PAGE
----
“We will see.”


The front gate of the keep was even more massive than that of the city wall; and it was lined with guards, peering out from arrow loops and guardhouse windows. It was all Arlia could do to retain the dread that had settled over her as they approached; the feeling of oppression was at a fever pitch here, inside the keep’s wall. She strode through the outer courtyard beside Joveth, Na’Ral at her other side, and tried to watch every direction at once; the men who had captured them—she couldn’t think of it as anything but a capture, no matter what they said—surrounded them in a loose but orderly formation. Mardan walked at their head, and throughout the courtyard, men in armor saluted as he passed. Arlia felt a sense of power radiating from him, but it was not the same as the oppressive feeling; if anything, it beat a counterpoint to that overwhelming sensation. She shivered, wondering what lay ahead to cause such a feeling.

Joveth kept his silence, and like her, he didn’t let his feelings show. She sensed caution from him, and a strangely calm alertness. It was the same with Na’Ral, though the tiger’s emotions were tinged with urgency; if he could have his way, he would be flying her out of here now—it would be suicide, but sensing the desire in him gave her comfort; and she felt her own anxiety fade a little. Besides, she was no child, to be frightened off; she was a battle mage, and this was nothing but another form of battle.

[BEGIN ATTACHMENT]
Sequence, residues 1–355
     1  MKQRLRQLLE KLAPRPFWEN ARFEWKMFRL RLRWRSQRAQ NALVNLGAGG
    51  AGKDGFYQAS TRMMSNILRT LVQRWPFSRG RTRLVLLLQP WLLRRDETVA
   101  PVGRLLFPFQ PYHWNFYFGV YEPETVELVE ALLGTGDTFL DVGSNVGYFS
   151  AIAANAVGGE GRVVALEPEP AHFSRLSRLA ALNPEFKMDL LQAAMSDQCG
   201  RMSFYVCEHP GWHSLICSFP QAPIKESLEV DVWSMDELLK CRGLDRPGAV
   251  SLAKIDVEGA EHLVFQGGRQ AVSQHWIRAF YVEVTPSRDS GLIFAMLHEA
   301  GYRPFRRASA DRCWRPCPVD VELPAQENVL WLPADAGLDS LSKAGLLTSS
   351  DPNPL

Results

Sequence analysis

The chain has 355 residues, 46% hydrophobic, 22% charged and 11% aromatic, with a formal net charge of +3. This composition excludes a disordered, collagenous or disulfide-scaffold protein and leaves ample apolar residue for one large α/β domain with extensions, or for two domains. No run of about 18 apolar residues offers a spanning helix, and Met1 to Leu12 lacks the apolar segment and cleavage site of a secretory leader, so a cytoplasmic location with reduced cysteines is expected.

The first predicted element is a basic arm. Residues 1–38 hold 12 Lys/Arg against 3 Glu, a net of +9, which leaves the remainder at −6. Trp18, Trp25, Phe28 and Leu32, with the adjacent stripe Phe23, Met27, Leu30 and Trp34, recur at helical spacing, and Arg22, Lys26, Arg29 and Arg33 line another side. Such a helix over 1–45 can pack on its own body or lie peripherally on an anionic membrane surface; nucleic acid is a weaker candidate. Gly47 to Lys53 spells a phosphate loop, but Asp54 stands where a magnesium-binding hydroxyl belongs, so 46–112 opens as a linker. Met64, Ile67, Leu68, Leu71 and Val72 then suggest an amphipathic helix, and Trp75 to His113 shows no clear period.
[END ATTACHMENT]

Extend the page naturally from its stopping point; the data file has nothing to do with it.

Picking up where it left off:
The keep’s doors opened onto a high front hall, majestic and clean; but her tactical training told her that it was a defensive feature as much as the wall, a chokepoint, a killing field should the keep be breached. Mardan led them across the hall and into a corridor that wove through the body of the keep in defensible curves; its walls were spaced with alcoves where defenders with crossbows would lie in wait. Arlia had never seen a castle like this–or any castle at all, for that matter–but she found that she understood it; its lines, its arrangement, its defensive features,  they all spoke to her in a way she had never experienced. She found the phenomenon both mystifying and exciting. She realized she knew what structures they would find ahead; and further, she knew how she would use this place, if she were in the position of defending it.

There was a checkpoint at the end of the corridor; at a signal from Mardan, the guardsmen let them through. Beyond, the corridor split into a three-way course; it was laid out in such a way that the direct path, ahead, would seem to lead to the keep’s vital core, but that was a deception. Instead, Mardan took the left path, and led them through what quickly became a maze of turns and intersections and stairways. Finally, he stopped outside a tall, oak double-door. For the first time since their march had begun, he spoke. “My master waits here for you. He has advised me that you are his guests, though I am sure it must not appear so to you at this time. I would ask you, if you please, to be respectful, as no one here wishes you harm.” Then, he signaled to two of his men, who opened the doors.